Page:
Explore America's Campgrounds
Making the Most of Your RV Trip
Let's cut to the chase: Road trips have their problems. Your whole family is confined to one vehicle for hours and sometimes days at a time, and you never quite seem to "be there" yet.
Still, an RV vacation can be the experience of a lifetime. It's an excellent way to see the country, and you can cut down on the typical road trip inconveniences with just a few key strategies. Here's how to get the most out of your family RV trip:
Score a Rental
If you don't happen to have an RV conveniently sitting in the driveway waiting for a purpose, consider renting one. Cruise America rents RVs all over the United States, and the company often offering special deals based on regions and time of year.
Cruise America's standard RV, which accommodates up to five people, costs about $1,500 per week, though that number fluctuates depending on the time of year, where you plan to pick up the vehicle and the number of miles you end up driving. That's not too shabby, if you're planning a vacation for five—just make sure to map out your trip efficiently to cut down on fuel costs.
Have Someone Else Do the Dirty Work
Maybe the best way to plan the ultimate RV vacation is to have someone else plan it for you. Tracks and Trails does just that—the company plans RV adventure vacations, selling packages complete with an RV rental, hotel reservations, campground reservations, maps and driving directions and activity ideas.
It's the pricier option, but then again, it's a pre-packaged vacation. You can buy a nine-night vacation to Lake Tahoe and Yosemite, for example, for prices starting at $6,800. That price covers stops in San Francisco, Yosemite National Park, Lake Tahoe and Coloma.
On the lower end of the price range is the Grand Canyon and Sedona trip, which takes you through Las Vegas, the Grand Canyon National Park, Wupatki National Monument, Sunset Crater Volcano National Monument, Sedona and Lake Mead in eight nights for prices starting at $6,000.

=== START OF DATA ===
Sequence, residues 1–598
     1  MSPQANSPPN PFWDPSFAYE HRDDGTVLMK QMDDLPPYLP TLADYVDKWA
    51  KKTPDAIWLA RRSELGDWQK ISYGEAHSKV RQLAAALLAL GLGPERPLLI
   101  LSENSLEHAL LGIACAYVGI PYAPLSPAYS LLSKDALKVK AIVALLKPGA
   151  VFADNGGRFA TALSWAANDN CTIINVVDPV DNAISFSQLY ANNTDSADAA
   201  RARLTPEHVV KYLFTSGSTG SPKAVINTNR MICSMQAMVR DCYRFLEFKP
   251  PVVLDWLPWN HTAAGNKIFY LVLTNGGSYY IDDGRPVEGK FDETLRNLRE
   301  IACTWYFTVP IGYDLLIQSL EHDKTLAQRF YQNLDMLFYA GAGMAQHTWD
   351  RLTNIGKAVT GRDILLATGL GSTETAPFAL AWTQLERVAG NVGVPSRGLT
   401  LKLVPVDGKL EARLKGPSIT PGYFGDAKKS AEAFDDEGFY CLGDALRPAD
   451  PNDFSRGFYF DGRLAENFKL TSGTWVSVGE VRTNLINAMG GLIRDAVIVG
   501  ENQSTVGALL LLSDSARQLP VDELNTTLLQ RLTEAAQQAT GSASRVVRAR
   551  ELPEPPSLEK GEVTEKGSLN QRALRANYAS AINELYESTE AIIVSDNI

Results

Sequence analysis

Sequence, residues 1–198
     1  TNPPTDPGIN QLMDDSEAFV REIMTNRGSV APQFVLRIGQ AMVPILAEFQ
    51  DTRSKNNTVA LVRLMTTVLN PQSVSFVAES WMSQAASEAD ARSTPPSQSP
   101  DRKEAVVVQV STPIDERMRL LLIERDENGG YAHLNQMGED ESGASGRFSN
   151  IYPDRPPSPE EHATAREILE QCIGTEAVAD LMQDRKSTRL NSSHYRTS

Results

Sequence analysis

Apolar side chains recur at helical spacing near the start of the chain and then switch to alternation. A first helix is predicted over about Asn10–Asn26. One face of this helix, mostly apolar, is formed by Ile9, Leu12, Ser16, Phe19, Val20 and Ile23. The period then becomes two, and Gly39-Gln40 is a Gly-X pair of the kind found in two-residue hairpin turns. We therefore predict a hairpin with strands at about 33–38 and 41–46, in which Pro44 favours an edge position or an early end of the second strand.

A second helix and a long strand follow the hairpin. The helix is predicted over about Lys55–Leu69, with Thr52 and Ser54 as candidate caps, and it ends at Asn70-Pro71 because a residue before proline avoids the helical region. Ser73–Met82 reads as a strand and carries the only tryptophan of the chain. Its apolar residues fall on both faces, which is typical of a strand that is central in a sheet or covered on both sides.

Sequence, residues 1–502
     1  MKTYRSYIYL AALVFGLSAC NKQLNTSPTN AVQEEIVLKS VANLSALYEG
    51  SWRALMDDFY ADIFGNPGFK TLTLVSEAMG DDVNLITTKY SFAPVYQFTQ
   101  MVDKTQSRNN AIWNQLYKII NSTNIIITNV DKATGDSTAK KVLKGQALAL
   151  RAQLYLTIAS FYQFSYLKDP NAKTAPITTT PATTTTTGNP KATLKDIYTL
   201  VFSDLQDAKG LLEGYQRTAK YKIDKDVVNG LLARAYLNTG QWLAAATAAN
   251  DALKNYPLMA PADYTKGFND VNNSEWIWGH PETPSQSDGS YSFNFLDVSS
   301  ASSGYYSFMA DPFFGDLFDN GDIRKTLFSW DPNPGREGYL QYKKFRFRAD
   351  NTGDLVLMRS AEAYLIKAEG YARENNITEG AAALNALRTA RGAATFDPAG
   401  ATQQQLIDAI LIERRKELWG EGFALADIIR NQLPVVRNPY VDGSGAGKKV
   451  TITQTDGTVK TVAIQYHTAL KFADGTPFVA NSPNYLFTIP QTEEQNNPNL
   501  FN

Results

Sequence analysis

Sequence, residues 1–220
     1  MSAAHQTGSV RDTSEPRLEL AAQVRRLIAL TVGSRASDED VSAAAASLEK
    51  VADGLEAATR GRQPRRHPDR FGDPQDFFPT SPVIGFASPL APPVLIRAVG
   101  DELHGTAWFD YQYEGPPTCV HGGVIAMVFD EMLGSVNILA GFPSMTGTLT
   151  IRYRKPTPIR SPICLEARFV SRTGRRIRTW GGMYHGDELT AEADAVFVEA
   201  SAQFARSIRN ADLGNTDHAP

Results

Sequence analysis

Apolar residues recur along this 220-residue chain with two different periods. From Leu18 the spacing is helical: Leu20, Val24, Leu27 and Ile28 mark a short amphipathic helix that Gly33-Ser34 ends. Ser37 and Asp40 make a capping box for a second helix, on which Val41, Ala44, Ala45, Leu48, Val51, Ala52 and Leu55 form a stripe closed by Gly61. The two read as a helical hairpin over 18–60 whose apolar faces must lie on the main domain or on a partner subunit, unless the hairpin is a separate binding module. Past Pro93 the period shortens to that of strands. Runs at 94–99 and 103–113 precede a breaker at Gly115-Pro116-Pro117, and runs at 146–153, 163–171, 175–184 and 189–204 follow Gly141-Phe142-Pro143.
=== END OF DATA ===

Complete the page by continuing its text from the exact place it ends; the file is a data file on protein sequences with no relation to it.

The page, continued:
Prepare Your Meals
You'll have all the comforts of a home—but way, way smaller. For that reason, organization is key to a smooth RV trip, and that includes meal prep.
Sit down with the family and map out what you'll eat while you're away. How many nights will you be gone? How many breakfasts, lunches and dinners does that entail? What will be simplest to prepare on the RV? What's shelf-stable? What does everyone actually want to eat (this is a vacation, after all)? Whip out the Tupperware collection for this one—it's going to come in handy.
Overall, don't rely too much on the fridge, as it'll stay cold only as long as you're able to plug in your RV to a park's electrical outlet. Shelf-stable foods (pasta, veggies, soup, bread, etc.) make for the safest RV meal options.
Avoid Severe Weather
RV vacations are built for those who love the outdoors. To take full advantage of your trip, map it out for a region with moderate weather. You'll want to be able to stop and stretch your legs on hikes, or set up a tent for the night, or fish for your dinner on a calm lake.
In the United States, the West is probably your best bet for decent weather conditions year-round. The region is chock full of national and state parks, and driving conditions are rarely overcrowded.
Look Into Full-Service RV Parks
As mentioned earlier, your fridge will stay cold only if you're able to plug in your RV at night—just one of many reasons to consider parking overnight at a full-service RV park.
It's all about the amenities. You can take care of all your electricity, water, sewage and cable hook-up needs, and you'll have staff on-hand to help you learn the ropes. Booking a few nights in RV parks over the course of your trip might offer you and the kids a break from life on the road and give you the chance to turn off your brain in front of the TV for a few hours.